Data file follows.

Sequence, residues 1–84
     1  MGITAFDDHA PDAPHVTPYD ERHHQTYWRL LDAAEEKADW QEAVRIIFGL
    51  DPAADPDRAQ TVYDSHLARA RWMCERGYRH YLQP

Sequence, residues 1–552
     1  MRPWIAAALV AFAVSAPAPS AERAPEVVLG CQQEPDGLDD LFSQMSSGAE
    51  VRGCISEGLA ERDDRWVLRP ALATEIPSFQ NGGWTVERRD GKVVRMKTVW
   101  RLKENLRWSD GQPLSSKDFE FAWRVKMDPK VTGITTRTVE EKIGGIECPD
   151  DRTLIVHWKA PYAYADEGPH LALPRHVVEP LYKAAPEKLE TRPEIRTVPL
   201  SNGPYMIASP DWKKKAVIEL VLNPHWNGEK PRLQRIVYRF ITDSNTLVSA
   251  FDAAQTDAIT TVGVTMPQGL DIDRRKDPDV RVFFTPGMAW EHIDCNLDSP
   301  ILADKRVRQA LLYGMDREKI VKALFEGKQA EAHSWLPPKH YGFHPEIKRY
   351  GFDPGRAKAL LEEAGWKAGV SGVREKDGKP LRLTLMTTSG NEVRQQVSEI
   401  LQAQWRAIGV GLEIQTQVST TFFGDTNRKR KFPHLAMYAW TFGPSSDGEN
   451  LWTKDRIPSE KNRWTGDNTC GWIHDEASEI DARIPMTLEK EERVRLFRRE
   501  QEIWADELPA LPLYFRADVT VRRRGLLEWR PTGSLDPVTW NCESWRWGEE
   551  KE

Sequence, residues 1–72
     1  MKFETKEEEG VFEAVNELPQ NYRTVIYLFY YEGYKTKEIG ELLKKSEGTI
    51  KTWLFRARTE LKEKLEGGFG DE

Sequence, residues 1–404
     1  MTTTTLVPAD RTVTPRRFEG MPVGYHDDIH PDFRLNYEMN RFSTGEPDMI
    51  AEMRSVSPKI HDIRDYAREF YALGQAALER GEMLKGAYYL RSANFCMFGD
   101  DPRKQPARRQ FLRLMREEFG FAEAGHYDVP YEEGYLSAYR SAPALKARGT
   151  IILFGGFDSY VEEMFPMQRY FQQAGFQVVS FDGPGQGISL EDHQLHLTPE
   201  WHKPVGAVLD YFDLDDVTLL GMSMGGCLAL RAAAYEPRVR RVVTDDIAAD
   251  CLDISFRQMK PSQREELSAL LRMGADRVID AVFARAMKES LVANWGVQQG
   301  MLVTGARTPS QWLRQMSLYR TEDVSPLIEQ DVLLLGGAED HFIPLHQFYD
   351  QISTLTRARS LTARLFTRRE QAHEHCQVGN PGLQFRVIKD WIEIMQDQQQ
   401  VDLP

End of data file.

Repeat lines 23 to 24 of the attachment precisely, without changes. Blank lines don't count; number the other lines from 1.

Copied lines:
   101  DPRKQPARRQ FLRLMREEFG FAEAGHYDVP YEEGYLSAYR SAPALKARGT
   151  IILFGGFDSY VEEMFPMQRY FQQAGFQVVS FDGPGQGISL EDHQLHLTPE